The decision of the Armenian Government on the privatization of the newspaper stalls, currently owned by the Press Dissemination Agency (“Haymamoul” State Close Joint Stock Company), dated November 15, arose negative response among the media of the country. As it has already been reported, in the privatization process the vendors themselves enjoy an advantage, yet, having become owners, they must retain the primary profile of the stalls, i.e., sell newspapers and magazines, among other possible goods, during at least five years (see details in YPC Weekly Newsletter, November 10-16, 2001). In the opinion of the media and the experts, there are no guarantees that this condition will be observed in practice and the vendors will not start to pursue a policy, beneficial to themselves. Consequently, the only somewhat operational network for press dissemination is running the risk of collapse. The author of the project of the privatization of the newspaper stalls and “Haymamoul” itself, the RA Ministry of State Property, represented by Minister David Vardanian, sees no danger threatening the print media, moreover, he maintains that the Agency will get an opportunity to pay back the old liabilities to the editorial offices accumulated before 1998 (150 mln drams – about $300 000). To crown it all, as the Minister advised the newspaper people, one must make a newspaper that would be in demand and, therefore, would sell. Considering the small circulations, which are, among other reasons, related to the low purchasing ability of the population, this advice of the Minister, whose activities are a subject for sharp criticism by the media, sounds somewhat cynical. As "Aravot" daily was told by the Press Secretary of the RA President Vahe Gabrielian, Robert Kocharian commissioned the lawyers with the task of developing and introducing such requirements to the vendors that would ensure the future press dissemination.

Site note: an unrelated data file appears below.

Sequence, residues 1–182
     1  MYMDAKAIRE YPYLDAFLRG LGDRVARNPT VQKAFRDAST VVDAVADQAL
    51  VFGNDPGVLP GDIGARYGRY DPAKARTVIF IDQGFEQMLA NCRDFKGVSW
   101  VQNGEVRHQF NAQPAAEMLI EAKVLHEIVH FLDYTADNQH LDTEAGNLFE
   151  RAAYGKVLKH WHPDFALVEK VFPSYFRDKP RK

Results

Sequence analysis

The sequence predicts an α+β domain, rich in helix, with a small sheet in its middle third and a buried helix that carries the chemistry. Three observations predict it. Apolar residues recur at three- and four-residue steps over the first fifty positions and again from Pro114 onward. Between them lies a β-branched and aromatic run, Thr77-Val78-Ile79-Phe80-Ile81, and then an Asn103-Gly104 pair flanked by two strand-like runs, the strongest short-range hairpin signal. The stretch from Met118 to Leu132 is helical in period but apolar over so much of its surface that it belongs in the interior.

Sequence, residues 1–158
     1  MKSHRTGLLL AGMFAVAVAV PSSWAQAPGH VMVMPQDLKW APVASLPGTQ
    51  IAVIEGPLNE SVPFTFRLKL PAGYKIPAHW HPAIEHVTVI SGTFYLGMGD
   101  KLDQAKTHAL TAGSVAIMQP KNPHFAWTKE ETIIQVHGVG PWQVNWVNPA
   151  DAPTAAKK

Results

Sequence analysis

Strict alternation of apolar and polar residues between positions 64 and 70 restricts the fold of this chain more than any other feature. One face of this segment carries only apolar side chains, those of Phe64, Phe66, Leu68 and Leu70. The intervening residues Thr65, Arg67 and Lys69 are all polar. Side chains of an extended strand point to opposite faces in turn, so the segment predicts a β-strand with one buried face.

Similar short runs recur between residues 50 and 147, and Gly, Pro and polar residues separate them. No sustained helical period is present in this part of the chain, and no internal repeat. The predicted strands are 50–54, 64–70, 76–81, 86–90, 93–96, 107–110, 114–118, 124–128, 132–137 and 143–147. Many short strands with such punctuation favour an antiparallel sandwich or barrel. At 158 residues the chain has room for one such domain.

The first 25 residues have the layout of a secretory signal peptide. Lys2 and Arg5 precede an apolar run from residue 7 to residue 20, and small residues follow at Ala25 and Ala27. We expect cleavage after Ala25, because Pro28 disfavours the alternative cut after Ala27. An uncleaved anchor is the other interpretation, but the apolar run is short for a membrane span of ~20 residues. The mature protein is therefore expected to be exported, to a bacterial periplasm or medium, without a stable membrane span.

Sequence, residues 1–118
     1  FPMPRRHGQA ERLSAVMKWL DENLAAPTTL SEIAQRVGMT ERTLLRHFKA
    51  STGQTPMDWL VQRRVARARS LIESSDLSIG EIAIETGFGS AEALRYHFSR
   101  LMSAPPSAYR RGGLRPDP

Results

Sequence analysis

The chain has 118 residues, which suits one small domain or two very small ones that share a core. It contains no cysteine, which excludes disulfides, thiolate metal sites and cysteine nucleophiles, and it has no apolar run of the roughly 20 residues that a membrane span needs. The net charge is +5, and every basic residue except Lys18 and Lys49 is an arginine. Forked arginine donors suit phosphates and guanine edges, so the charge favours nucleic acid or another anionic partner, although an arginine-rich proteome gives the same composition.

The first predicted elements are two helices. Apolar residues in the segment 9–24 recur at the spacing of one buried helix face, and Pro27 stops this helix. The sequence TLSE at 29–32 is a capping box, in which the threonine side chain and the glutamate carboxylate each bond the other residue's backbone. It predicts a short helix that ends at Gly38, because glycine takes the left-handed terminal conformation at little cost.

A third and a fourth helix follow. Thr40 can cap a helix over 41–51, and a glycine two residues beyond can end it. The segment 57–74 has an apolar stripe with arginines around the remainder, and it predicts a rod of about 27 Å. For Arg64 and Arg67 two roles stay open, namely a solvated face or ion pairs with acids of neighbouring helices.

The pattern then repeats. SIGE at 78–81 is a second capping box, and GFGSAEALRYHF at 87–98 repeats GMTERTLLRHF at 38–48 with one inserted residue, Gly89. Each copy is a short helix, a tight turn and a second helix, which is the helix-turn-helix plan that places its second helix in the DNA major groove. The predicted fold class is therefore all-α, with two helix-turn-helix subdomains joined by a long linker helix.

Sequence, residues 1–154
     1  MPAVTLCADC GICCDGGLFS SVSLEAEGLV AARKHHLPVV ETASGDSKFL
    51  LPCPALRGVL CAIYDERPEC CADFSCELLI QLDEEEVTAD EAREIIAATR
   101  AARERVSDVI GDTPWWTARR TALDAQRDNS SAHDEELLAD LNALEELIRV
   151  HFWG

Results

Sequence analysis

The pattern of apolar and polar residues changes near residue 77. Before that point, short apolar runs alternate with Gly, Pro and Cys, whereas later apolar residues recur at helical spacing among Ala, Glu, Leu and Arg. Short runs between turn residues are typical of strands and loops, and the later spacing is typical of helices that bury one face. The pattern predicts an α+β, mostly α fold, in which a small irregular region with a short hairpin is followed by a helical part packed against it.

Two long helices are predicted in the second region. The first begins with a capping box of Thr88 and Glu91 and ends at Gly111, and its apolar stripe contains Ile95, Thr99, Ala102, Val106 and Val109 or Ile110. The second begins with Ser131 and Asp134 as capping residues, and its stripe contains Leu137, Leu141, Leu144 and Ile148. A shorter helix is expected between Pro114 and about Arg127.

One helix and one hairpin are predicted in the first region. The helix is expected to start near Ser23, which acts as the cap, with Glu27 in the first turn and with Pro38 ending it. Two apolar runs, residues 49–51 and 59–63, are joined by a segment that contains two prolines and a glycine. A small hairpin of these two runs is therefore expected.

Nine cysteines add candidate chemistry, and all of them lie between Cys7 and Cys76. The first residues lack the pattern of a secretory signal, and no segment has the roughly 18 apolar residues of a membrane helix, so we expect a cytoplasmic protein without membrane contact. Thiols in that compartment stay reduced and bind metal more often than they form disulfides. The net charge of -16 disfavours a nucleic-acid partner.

Another equally painful subject that looms menacingly over the skinny wallet of the press, a subject which has been discussed a lot on the newspaper pages is the situation around the House of Press, where most of the editorial offices are located. By the decision of the Government a few months ago the building of the House of Press was transferred from the authority of the Department of Information and Publications to that of the same Ministry of State Property. Presently, the new owner intends to triple the rents starting from January 1, 2002. In the opinion of Minister Vardanian, the new renting system will allow to direct the greatest part of the money to the state budget, and the smallest – to maintain the building of the House of Press itself.
The media are also greatly concerned over the process of the privatization of the House of Press and the building at 28, Isahakian str., where the leading news agencies are concentrated. Taking into consideration the decisions above, the hopes that in this issue the executive power will take into account the media interests are almost nullified. In any case, the Government declined the suggestion of the media leaders to entitle the media to use the premises presently occupied by them, free of charge with no property rights granted until the privatization is completed (see details in the YPC Weekly Newsletter, September 1-7, 2001). At the same time David Vardanian keeps insistently recommending the press to unite and establish a condominium at the House of Press.